Russia’s media told a completely different story, wowing its domestic audience with tall tales about how the Su-24 used some kind of top secret electronic warfare system that shut down all the destroyer’s electrical systems. Another laughably phony story claimed that the captain of the ship put in his resignation as a result of the incident. Clearly desperate for any “successful” military action against NATO and in particular, the United States, a commemorative coin was minted, depicting the non-event. 

Fast forward to autumn of this year. The Russian media has forgotten about Ukraine. Now it’s all about Putin saving the world from the Islamic State in Syria. The TV channels show thrilling footage of Russian military hardware in action. The bombs begin to fall and audiences are told that they are witnessing Islamic State bases being destroyed. More proof that Putin has delivered on his promise of making Russia a global superpower. And then it happened.

A Russian Su-24, the very same model that supposedly struck so much fear into the captain of the USS Donald Cook he felt compelled to resign from his commission, was easily blown out of the sky by an American made F16 after a trivial airspace violation lasting and estimated 17 seconds. No valiant dogfight or evasive maneuvers. NATO 1, Russia 0.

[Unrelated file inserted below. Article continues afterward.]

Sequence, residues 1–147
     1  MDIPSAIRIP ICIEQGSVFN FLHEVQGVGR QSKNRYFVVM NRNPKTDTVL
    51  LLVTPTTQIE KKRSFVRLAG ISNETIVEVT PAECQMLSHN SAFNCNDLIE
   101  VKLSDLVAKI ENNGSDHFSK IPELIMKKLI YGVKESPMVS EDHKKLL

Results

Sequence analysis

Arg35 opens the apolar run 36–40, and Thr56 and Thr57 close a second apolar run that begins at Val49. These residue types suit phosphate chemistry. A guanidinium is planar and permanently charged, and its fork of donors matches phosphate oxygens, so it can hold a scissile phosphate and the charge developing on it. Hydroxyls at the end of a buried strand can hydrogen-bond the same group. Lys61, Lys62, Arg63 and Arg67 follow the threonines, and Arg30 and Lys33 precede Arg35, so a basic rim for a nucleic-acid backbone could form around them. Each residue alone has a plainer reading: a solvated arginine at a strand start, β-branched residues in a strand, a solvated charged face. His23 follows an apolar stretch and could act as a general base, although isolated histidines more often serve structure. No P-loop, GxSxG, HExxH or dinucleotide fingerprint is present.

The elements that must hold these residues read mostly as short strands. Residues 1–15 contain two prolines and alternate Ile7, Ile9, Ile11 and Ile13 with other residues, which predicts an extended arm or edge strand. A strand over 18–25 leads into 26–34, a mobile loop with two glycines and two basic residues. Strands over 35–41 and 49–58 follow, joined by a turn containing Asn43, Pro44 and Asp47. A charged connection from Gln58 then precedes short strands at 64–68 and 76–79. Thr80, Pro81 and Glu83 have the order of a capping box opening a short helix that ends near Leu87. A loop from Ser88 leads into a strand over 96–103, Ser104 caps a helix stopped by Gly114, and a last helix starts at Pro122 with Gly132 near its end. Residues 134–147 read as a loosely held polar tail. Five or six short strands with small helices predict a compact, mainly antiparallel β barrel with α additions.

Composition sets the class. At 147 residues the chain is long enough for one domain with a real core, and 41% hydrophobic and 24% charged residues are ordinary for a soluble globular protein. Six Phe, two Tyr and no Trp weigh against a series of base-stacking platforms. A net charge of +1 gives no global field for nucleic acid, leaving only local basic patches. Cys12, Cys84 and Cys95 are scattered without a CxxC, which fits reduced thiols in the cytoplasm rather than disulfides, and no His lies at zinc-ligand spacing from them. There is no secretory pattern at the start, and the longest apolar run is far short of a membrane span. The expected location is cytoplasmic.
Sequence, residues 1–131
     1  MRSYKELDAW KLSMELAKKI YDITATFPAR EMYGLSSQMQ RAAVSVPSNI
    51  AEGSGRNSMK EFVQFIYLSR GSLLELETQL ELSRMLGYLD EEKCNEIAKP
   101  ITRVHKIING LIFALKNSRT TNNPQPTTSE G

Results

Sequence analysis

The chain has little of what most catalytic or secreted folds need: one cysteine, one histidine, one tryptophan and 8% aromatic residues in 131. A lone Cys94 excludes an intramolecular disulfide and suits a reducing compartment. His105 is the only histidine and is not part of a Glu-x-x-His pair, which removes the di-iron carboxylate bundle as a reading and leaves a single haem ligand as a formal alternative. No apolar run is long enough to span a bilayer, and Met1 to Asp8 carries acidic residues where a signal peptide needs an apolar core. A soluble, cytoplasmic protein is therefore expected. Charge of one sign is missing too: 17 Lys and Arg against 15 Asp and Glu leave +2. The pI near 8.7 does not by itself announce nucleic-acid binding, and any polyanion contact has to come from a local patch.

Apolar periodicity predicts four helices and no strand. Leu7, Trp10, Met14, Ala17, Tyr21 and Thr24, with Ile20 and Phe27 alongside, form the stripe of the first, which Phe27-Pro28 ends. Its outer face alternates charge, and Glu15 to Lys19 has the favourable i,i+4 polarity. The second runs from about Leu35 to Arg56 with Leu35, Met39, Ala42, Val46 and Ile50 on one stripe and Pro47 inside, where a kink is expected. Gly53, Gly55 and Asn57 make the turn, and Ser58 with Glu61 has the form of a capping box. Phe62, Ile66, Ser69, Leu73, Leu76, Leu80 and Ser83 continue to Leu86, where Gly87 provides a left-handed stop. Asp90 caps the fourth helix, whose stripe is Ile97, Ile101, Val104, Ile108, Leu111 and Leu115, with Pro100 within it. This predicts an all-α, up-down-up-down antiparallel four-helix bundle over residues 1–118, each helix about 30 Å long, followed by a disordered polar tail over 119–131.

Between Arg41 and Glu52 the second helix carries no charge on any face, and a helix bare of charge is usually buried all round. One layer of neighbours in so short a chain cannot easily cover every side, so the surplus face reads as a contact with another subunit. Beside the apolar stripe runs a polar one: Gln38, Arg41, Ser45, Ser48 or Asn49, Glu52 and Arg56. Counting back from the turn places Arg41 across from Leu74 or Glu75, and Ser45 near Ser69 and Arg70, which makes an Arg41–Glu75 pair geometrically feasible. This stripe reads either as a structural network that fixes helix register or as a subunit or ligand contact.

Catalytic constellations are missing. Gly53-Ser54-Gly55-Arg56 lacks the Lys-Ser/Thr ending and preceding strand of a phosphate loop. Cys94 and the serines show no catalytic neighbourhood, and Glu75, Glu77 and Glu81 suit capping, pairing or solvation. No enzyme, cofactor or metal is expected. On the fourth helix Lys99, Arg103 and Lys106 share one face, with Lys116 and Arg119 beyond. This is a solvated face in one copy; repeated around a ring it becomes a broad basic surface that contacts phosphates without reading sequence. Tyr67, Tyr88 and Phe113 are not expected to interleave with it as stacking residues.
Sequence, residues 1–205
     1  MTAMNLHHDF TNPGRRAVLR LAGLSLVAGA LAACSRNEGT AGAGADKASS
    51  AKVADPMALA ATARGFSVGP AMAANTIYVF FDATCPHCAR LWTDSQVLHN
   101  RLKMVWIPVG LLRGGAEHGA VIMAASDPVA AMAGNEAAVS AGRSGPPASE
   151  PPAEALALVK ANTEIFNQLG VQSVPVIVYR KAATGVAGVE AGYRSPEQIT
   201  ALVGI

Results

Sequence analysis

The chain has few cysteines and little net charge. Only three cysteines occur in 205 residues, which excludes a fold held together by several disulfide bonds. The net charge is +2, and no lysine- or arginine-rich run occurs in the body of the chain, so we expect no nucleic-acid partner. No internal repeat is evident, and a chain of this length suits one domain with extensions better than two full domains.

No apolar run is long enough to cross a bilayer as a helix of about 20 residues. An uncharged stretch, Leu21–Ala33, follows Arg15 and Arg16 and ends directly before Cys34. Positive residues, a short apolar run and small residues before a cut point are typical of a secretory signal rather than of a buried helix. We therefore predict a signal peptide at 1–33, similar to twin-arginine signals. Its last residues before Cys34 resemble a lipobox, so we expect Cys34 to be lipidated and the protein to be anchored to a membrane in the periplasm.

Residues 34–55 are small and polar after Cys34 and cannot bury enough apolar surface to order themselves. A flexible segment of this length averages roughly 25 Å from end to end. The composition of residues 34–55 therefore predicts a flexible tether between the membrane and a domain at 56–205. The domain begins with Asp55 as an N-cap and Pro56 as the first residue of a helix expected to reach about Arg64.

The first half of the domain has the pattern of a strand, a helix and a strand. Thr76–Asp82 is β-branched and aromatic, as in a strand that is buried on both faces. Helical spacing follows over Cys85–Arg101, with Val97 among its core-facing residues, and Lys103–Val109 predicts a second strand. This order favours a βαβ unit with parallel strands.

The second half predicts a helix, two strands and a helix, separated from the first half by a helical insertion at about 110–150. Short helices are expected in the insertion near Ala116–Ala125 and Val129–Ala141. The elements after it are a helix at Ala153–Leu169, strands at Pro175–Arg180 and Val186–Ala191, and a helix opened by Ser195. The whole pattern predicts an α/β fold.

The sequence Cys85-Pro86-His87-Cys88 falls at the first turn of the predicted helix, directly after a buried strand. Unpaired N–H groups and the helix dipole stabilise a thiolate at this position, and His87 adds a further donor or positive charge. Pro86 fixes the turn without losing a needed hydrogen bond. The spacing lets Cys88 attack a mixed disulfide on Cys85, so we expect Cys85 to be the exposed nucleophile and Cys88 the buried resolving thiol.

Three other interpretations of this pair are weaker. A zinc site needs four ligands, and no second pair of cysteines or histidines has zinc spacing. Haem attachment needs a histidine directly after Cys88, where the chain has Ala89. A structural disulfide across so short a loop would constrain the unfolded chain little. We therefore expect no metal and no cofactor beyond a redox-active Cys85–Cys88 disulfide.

Turkey’s real crime, the offense which has sparked outrage eclipsing that directed toward Ukraine and the US, was shattering Putin’s military fantasy. There has been all this talk of standing up to NATO, pushing back against so many imagined insults, and yet when NATO and the Russian air force actually met, the latter stood no chance and was handily destroyed. Destroyed, not by the US Air Force or the RAF, not the Canadians, the French, or the Germans, but by Turkey, the country where middle class Russians go for vacation. This bitter fact gives rise to serious doubts about Putin’s military machine and its overinflated budget. If Turkey could do that so easily, what would happen in the real, all out WWIII scenario so many Russian “patriots” love to speculate about? 

Sure, Russian troops and vehicles have been lost in Ukraine, but officially they were never there. True, many Russians believe these forces were there and actually approve of that fact. Some wish Putin would send more troops and material to Ukraine. But any losses there can be dismissed due to official denial and the limited information about the actual order of battle in the rebel-held territories. Are the shattered tanks and vehicles shown in photographs from eastern Ukraine Russian, or are they “captured” Ukrainian hardware? It’s all too easy to deny and obfuscate.